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Functionalized Nanomaterials to Sense Toxins/Pollutant Gases Using Perturbed Microwave Resonant Cavities

  • Aman AnandEmail author
  • J. A. Roberts
  • J. N. Dahiya
Chapter
Part of the Carbon Materials: Chemistry and Physics book series (CMCP, volume 1)

Abstract

This chapter provides an overview of the techniques and methods involving electromagnetic resonators to study the interactions of gas molecules with nanomaterials substrates. A resonant cavity operating in TE011 mode was employed by the author(s) to characterize the nature of interactions of a range of weakly polar to nonpolar gas molecules with carbon nanotubes loaded in the cavity. Microwave resonant cavities are special electromagnetic resonators that can have a very high quality factor, which enhances the sensitivity of the apparatus as compared to standard electrical tank circuits. By measuring shifts in the resonant frequency of these circuits and by calculating the pressure broadening of the resonant peaks, the technique developed offers a highly effective means to quantify the amount of foreign agents perturbing these resonant cylinders. By functionalizing the nanomaterials with specific antibodies and loading them as wicks in these cylinders, the technique can be engineered into a very sensitive and unique chemical and biological sensor prototype.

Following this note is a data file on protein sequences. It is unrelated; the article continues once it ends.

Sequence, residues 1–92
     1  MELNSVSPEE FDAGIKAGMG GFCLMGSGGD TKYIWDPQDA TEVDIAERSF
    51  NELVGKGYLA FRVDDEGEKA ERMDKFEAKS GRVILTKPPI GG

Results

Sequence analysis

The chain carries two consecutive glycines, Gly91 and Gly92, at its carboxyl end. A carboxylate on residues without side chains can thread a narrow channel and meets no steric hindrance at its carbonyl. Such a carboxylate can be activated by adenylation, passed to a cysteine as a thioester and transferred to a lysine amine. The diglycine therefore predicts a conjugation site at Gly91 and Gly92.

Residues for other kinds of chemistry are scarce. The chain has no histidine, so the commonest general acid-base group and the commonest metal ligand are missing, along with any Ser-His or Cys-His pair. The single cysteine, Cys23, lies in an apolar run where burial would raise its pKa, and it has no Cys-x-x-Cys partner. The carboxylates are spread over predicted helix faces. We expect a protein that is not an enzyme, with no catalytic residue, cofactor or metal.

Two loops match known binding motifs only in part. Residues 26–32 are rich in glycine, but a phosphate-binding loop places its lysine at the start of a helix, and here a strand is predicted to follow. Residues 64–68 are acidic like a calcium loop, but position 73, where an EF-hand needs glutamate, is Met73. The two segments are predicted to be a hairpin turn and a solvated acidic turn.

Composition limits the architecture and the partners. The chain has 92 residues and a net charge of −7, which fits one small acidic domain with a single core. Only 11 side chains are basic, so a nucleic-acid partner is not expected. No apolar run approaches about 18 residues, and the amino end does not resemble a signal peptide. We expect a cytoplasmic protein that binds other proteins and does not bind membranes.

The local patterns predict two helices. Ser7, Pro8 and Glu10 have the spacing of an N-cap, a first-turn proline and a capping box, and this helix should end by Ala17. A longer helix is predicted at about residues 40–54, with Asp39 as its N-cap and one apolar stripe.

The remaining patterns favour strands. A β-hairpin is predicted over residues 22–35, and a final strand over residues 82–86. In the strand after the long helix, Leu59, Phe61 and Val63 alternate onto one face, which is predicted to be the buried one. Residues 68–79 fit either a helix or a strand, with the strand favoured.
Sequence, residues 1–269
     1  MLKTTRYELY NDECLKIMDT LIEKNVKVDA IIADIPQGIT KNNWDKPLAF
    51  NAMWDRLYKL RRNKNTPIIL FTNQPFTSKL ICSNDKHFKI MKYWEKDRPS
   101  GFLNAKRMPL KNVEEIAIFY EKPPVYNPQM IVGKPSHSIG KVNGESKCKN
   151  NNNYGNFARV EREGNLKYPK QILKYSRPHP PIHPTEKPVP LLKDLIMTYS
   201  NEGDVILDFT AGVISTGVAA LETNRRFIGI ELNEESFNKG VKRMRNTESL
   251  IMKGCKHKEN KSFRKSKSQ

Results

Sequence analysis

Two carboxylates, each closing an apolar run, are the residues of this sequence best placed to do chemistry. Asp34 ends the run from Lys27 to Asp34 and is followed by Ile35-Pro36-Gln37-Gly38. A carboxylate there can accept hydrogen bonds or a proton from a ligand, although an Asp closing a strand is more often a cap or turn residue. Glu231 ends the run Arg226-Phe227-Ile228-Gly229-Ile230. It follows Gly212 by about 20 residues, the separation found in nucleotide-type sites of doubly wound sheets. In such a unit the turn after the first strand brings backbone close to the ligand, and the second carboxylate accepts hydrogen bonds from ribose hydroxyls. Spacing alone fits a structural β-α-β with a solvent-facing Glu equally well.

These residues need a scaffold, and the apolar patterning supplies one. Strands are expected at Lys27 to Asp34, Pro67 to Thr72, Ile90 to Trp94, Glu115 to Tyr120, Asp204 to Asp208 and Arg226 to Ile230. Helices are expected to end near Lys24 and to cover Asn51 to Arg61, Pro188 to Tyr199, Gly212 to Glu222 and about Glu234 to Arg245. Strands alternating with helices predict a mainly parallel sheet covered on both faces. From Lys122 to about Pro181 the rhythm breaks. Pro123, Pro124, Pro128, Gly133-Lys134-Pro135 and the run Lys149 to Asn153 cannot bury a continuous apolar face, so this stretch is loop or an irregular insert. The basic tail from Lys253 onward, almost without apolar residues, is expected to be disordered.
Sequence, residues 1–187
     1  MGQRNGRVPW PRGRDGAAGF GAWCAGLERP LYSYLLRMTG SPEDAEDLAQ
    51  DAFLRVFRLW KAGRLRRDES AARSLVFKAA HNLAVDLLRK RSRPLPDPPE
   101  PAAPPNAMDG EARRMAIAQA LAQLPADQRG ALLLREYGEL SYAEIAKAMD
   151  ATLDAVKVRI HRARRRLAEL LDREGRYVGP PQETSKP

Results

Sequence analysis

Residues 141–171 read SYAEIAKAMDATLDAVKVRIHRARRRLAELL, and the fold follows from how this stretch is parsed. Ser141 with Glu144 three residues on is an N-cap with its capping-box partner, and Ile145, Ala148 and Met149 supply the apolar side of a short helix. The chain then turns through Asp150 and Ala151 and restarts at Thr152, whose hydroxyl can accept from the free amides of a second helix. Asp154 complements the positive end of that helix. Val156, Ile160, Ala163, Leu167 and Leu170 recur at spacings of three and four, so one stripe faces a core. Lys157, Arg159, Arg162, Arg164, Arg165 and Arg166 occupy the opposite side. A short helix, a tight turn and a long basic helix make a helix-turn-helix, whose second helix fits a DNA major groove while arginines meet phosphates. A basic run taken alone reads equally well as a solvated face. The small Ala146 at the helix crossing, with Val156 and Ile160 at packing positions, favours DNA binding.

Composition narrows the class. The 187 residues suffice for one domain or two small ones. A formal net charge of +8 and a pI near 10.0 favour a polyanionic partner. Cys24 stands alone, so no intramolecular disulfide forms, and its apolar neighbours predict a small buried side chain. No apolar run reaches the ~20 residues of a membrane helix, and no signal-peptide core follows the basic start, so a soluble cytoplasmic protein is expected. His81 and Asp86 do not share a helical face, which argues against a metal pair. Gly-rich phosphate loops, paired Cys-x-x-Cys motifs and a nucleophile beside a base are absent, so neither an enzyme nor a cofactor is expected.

Keywords

Carbon nanotubes chemical and biological sensors microwave resonance resonant cavities 

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Copyright information

© Springer Science + Business Media B.V 2008

Authors and Affiliations

  1. 1.Department of PhysicsUniversity of North TexasDentonUSA
  2. 2.College of Science and MathematicsSoutheast Missouri State UniversityCape GirardeauUSA

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